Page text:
I literally wrote the book on home bicycle workshops, Your Home Bicycle Workshop (eBook), and I think every roadie would like to have a nice at-home bike shop. But, you can actually do just fine without a shop if you have the most useful shop tool — a bicycle repair stand (also called a work stand). Even a homemade or improvised stand will do the trick.
A good repair stand is super-handy. You can put it anywhere it fits and where’s there’s room to move around your bike, and you’ll have a nice place to work, whether at home or at cycling events (with a portable stand). In this issue and next week’s, I provide tips on the different kinds of repair stands, how to choose one, and tell you about a few nifty repair stand accessories you might need.
I’ll give you some ideas for homemade stands and those you can improvise using bike products you might already own.
All types of repair stands support the bike, leaving both hands free to work on it. Most also hold the wheels off the ground so you can pedal by hand to make shifting adjustments and spin the wheels for wheel truing, brake adjustments and so on.
Tip: If you need to check an adjustment on a ride and don’t have a friend to lift the bike while you check it out, look for nature’s work stand: a tree with a low branch. Simply rest the tip of your seat on the branch and your bike will be ready for repair.
Simple homemade stands
It might surprise you, but even some professional shops use homemade repair stands, so there’s nothing wrong with that approach. These are made of inexpensive materials you might already have. And you can customize them however you want. Here are a few examples.
The simplest homemade repair stand I’ve seen is made of 2 ropes with hooks tied to the ends. You tie the ropes to eyehooks screwed into your ceiling, or tie them to a rafter overhead so that the hooks hang at chest height. Then, just lift your bicycle and place its top tube onto the hooks and you’re ready to work on it. You can also walk all around your bicycle since it’s suspended.
Rope repair stands let the bicycle swing, which can get annoying. A more stable simple repair stand is constructed of two wood pieces (horizontal supports) protruding from a wall at chest height that you can rest your bicycle on. The supports only need to be long enough to keep the inside pedal from striking the wall. Nail a shelf on top of the arms to rest your tools and lubes on. Notch the ends of the arms so you bike doesn’t slide around.
You can’t walk around your bicycle on this type of stand. Instead, you just turn it around on the stand to access both sides.
Note: These types of homemade stands rely on the bicycle having a horizontal top tube.
I’ve seen a variety of these, but they are all made from ordinary plumbing pipe with threaded ends and the same size elbows and flanges. Some pipe stands feature plywood bases, some hang from overhead, the flange screwed to a rafter and the pipe screwed into it. It’s easy to attach the pipe to the elbows and flanges and make a support (or hanger if your rack attaches to a rafter) for your bike. The tricky part is making the clamp that your bike attaches to.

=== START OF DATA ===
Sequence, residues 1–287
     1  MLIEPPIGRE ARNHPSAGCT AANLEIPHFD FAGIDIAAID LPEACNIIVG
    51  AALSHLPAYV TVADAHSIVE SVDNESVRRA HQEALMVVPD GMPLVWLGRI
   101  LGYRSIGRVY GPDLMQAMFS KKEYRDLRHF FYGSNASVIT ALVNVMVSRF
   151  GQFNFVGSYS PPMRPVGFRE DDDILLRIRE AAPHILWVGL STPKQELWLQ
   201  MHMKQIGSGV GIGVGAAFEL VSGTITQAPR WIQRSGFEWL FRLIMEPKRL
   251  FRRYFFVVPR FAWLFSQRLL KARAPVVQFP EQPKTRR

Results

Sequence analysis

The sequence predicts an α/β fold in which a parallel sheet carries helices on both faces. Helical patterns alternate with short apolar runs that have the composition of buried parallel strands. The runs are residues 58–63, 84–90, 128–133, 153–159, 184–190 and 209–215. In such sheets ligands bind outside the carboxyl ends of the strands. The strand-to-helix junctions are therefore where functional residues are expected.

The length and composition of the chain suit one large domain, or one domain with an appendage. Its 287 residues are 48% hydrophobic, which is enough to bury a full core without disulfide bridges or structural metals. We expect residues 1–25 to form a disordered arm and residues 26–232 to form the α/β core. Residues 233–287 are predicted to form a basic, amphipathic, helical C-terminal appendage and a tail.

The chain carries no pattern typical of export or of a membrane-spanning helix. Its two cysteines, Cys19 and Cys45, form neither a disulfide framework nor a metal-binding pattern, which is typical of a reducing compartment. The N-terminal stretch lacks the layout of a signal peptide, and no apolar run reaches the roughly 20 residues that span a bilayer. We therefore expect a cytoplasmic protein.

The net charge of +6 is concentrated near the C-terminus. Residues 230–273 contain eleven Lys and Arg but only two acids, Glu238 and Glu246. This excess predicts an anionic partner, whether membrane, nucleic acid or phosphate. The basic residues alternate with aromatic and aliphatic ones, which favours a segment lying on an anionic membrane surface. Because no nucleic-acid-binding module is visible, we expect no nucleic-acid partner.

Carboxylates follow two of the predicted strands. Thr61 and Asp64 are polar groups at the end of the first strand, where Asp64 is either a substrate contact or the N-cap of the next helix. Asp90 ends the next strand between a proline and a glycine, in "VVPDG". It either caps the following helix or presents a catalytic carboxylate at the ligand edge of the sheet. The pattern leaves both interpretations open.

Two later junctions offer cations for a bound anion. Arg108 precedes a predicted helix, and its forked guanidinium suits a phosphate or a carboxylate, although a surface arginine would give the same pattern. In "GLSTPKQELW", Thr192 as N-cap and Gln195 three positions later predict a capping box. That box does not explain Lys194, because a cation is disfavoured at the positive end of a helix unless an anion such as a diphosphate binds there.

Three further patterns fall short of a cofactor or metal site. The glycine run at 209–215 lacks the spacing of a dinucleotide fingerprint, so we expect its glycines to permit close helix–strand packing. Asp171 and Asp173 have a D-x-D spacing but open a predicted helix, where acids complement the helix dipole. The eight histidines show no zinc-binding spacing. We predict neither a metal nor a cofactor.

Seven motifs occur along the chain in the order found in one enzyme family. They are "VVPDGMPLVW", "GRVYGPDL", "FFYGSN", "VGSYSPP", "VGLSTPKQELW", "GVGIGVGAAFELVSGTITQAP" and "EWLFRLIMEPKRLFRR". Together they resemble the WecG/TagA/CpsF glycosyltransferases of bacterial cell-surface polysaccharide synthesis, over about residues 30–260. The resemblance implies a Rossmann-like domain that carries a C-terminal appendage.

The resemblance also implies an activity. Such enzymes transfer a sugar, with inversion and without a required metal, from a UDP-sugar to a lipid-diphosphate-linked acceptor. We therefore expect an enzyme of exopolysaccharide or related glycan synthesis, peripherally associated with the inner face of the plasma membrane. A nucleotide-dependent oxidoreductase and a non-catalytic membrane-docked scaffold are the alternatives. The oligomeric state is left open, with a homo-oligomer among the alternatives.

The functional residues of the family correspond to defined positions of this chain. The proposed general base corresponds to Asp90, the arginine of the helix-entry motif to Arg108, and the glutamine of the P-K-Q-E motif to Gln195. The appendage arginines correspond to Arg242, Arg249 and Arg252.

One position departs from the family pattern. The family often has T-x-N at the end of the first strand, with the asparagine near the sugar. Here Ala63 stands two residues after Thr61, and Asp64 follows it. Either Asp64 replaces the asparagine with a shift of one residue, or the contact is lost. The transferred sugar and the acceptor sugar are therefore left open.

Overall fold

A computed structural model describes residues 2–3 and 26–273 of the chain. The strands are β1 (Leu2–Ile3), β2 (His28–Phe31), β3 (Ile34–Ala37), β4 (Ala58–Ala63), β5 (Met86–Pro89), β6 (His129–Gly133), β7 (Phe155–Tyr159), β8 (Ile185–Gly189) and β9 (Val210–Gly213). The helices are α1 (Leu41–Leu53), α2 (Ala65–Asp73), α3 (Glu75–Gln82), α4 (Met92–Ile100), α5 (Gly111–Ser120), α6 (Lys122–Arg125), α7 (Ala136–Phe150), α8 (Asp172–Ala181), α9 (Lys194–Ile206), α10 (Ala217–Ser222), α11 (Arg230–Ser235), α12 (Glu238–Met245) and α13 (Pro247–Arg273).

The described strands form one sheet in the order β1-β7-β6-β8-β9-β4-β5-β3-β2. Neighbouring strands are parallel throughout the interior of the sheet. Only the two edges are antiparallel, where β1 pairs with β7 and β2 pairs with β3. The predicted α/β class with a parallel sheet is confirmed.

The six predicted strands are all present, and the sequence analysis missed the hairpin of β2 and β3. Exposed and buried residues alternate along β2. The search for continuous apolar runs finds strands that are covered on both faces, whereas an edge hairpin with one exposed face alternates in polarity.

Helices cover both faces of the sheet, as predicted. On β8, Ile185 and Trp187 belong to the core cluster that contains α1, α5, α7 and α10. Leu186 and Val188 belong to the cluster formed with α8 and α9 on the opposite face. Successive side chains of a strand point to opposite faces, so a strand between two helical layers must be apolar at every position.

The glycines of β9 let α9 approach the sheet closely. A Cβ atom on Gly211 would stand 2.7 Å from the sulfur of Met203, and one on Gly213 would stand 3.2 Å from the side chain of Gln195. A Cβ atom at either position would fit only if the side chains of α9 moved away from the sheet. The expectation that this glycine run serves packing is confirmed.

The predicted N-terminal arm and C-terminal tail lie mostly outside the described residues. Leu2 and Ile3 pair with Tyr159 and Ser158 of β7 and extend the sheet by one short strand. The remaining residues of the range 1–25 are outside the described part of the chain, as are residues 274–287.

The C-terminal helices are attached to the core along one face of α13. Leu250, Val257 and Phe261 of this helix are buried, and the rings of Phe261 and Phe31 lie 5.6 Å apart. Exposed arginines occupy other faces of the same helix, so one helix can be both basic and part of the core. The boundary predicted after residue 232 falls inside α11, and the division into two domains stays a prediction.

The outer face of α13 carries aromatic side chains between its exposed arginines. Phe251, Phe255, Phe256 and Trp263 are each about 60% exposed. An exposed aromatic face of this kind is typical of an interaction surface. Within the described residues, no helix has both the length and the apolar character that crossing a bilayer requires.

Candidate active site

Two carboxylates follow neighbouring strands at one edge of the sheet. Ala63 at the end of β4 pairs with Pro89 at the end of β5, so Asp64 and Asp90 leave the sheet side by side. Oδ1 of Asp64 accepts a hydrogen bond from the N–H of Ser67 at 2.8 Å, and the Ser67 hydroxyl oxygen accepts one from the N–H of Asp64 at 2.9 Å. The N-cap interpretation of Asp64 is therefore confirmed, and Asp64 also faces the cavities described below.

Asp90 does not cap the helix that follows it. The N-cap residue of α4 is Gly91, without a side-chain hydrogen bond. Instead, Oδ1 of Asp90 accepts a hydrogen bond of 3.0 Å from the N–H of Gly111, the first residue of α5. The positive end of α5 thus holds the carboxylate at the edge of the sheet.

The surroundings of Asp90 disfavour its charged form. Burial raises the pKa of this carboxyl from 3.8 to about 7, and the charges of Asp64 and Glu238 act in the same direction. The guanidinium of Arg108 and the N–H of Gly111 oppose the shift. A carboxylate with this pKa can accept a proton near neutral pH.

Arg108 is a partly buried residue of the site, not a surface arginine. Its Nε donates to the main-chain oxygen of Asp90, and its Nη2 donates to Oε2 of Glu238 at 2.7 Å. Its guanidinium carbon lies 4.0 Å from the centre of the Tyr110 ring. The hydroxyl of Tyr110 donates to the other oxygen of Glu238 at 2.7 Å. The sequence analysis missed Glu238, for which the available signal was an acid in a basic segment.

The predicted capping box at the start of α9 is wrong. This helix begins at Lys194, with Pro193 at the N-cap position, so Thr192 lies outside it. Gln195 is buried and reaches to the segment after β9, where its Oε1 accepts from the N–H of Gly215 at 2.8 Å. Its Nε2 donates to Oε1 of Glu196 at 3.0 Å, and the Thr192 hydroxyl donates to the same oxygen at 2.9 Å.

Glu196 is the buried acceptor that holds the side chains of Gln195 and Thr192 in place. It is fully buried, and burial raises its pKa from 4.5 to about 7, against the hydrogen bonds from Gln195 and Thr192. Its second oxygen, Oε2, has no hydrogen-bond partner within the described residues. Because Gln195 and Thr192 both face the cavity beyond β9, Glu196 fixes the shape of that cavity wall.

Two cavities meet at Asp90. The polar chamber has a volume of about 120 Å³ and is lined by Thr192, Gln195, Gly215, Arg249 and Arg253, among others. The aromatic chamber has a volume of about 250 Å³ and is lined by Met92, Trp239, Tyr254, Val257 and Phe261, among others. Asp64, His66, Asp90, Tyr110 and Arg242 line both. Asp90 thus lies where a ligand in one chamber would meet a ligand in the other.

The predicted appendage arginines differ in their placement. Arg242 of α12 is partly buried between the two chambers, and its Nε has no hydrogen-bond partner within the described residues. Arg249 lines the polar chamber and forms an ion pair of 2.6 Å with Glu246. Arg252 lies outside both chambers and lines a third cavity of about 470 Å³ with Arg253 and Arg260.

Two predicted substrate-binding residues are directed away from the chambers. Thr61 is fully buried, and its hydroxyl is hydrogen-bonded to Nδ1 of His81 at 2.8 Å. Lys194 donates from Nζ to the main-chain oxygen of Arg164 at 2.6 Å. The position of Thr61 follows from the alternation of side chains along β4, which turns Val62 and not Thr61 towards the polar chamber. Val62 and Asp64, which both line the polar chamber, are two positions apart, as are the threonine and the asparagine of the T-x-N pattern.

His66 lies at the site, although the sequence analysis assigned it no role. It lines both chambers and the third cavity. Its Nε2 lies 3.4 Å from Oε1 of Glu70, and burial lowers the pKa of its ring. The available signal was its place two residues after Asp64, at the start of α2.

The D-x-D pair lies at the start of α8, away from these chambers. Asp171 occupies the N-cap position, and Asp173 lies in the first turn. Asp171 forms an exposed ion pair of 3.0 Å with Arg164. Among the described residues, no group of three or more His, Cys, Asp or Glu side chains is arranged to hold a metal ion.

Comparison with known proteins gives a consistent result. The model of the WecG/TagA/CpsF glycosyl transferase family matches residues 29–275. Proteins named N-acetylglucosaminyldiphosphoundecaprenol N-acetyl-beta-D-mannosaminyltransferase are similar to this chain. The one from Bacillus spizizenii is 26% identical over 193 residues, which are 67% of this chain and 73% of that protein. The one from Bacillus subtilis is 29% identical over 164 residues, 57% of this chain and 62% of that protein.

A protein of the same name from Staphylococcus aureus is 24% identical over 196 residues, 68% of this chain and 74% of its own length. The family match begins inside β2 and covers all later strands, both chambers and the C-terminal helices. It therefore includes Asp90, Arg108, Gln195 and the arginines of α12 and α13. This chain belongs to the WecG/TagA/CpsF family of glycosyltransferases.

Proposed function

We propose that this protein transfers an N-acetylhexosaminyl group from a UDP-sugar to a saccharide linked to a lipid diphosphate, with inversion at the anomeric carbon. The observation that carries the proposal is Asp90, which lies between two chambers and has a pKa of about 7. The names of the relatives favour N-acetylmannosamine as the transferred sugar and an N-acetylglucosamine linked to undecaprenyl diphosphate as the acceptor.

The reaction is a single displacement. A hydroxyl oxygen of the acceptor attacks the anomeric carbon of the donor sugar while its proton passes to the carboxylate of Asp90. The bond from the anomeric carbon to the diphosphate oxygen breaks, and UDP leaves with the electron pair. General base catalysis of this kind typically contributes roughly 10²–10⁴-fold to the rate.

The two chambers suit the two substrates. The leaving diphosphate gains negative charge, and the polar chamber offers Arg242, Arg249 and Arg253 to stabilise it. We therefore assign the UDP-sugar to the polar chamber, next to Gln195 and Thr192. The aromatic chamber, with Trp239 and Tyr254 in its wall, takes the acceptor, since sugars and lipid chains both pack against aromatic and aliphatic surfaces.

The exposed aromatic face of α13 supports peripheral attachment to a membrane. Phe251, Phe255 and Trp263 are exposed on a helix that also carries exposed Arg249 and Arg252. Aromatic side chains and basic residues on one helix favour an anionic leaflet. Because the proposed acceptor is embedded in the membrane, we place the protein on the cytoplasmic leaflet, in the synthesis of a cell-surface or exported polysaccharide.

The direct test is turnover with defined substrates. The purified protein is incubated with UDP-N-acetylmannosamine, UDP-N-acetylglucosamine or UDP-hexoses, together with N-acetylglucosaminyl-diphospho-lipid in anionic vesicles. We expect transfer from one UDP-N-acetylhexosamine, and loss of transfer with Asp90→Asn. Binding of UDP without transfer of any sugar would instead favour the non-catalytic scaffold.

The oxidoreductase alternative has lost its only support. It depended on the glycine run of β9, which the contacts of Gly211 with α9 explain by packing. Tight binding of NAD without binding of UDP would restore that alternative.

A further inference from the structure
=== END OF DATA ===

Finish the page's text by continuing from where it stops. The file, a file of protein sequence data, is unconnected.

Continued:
Some people use the Pony Clamp fixture Style No. 50, adding wood blocks with V-cuts in them to the jaws so they’ll clamp onto a seatpost. Or, if you can weld, or want to have a welding shop do it, you could fashion your own hinged clamp from a piece of tubing.
Tip: If you have the materials and tools, a pipe stand might make sense for you. But if not, be sure to check out the basic commercial repair stands because they’re so affordable it usually doesn’t make sense to spend more in time and money building your own.
Improvised Repair Stands
Car rack stand
If you have a bumper/trunk or hitch-type bicycle car rack, the chances are good that you already have a perfectly good repair stand.
Try resting your bicycle on your car rack and see if you can pedal by hand without the inside pedal hitting anything. If so, you can use your rack for bike repairs when it’s on your vehicle– and you can probably mount it to a wall for inside use too. The nice thing about these racks is that they’re made to hold your frame gently so they won’t damage the finish.
Tip: If yours is a trunk or bumper rack, check to make sure it’s not putting a lot of pressure on the body of your car or you could dent it if you have to use a lot of force working on your bike, like when removing a stuck seat, etc.
In a pinch you can use some indoor trainers as repair stands too. Just back off the roller so it doesn’t drag on the tire, and the trainer will hold your bike’s rear wheel off the ground so you can check and fine-tune adjustments.
Jim Langley is RBR’s Technical Editor. He has been a pro mechanic and cycling writer for more than 40 years. He’s the author of Your Home Bicycle Workshop in the RBR eBookstore. Check out his “cycling aficionado” website at http://www.jimlangley.net, his Q&A blog and updates at Twitter. Jim’s streak of consecutive cycling days has reached more than 8,000. Click to read Jim’s full bio.